NEW YORK ( TheStreet) -- There is poverty, and then there is extreme poverty. People talk about the "New Normal," where the economy is growing at a lower rate, the stock market is barely changing, etc.

Even if we assume that the U.S. GDP per capita grows at a respectable 2% per year, it would take more than 35 years to double the incomes of U.S. households. Even in this scenario, where the incomes of every single person in this country doubles, there will still be widespread poverty in all corners of this country.

Insider Monkey gathered the 2009 Census Bureau data and calculated the extreme poverty rates. Instead of the official national poverty line, we used half of it (about $5,400). So even if the incomes of these extremely poor households double, the households would still be classified as poor.

Currently, 19 million Americans live in extreme poverty. Previously, we published the list of the 10 Poorest States and several readers commented that the results were affected by the presence of large poor minority populations and we should adjust our rankings for race. So, we prepared the list of States with the highest White (excluding Hispanics and Latinos) Poverty as well.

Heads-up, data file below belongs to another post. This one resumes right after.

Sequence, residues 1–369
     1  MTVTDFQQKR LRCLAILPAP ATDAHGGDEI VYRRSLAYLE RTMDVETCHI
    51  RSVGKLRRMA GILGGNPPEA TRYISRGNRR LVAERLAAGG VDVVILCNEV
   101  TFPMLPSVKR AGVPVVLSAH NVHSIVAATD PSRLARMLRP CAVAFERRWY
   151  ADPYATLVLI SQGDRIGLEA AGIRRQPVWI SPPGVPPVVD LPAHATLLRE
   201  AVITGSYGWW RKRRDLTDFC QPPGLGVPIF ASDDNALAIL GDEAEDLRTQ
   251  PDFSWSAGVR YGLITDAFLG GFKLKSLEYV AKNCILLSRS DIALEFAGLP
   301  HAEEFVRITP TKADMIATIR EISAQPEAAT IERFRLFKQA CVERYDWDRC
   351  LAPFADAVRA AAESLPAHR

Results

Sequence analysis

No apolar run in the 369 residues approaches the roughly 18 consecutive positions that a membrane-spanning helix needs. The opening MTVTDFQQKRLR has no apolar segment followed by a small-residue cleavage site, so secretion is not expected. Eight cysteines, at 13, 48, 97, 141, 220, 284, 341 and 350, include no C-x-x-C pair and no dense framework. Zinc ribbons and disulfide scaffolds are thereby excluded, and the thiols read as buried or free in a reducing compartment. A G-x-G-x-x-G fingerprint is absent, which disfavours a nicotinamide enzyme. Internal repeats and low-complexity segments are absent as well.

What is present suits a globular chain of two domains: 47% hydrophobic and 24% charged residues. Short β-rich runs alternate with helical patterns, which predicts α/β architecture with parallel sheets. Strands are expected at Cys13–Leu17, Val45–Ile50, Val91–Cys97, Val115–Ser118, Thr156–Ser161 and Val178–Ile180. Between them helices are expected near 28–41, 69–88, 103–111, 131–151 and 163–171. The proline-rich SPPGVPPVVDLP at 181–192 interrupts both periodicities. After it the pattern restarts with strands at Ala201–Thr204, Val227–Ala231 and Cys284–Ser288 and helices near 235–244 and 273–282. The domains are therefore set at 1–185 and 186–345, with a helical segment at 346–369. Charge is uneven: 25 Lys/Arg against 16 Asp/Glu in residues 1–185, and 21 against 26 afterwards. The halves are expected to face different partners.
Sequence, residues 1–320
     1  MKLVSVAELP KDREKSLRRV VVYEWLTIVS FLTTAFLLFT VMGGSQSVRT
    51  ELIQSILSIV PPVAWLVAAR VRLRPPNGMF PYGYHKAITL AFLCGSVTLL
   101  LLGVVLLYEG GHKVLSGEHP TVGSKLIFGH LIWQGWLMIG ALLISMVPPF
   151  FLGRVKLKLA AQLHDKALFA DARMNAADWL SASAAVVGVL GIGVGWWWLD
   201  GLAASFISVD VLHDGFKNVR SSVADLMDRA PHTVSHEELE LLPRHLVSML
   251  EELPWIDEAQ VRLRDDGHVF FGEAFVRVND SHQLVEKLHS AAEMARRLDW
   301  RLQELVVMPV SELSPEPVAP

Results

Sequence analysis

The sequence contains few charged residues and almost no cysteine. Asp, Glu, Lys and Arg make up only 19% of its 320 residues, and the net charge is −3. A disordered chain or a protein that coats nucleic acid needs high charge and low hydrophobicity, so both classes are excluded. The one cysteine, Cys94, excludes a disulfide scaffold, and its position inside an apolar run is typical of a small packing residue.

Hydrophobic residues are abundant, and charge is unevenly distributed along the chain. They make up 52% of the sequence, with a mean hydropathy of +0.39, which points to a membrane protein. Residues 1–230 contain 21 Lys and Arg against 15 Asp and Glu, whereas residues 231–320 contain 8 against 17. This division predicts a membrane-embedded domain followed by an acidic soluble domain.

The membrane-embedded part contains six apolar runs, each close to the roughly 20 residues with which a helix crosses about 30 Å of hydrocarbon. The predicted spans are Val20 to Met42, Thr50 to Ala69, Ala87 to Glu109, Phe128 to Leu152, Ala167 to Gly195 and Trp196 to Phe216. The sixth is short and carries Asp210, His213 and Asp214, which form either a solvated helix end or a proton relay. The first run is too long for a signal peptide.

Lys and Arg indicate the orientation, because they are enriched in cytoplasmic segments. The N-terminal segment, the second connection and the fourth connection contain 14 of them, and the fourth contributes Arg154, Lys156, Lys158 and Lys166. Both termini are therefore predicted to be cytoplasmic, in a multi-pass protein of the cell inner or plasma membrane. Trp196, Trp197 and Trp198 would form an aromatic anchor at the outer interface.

Here are the 10 states with extreme poverty levels:

10. Tennessee, Extreme Poverty Rate=7.42% (456,000 in extreme poverty)

9. New Mexico, Extreme Poverty Rate=7.47% (147,000 in extreme poverty)

8. Alabama, Extreme Poverty Rate=7.49% (344,000 in extreme poverty)

7 . Arizona, Extreme Poverty Rate=7.56% (491,000 in extreme poverty)

6. West Virginia, Extreme Poverty Rate=7.60% (135,000 in extreme poverty)

5. Arkansas, Extreme Poverty Rate=7.68% (216,000 in extreme poverty)

4. South Carolina, Extreme Poverty Rate=7.71% (341,000 in extreme poverty)

3. Kentucky, Extreme Poverty Rate=7.97% (334,000 in extreme poverty)

2. Mississippi, Extreme Poverty Rate=9.35% (266,000 in extreme poverty)

1. District of Columbia*, Extreme Poverty Rate=10. 7% (62,000 in extreme poverty)

Wyoming has the lowest extreme poverty rate in America, followed by New Hampshire and Alaska.

* D.C. is not a state but considering that it is more crowded than Wyoming, we can statistically consider it as a state.

This article was originally published at Insider Monkey .

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Meena Krishnamsetty is the editor of Insider Monkey, a Web site that provides free real-time insider-trading data. Insider Monkey houses a finance blog with commentaries and evidence based articles on the intricacies of investing and market anomalies. Insider Monkey also provides a hybrid evaluation system that exploits the market's insider transactions.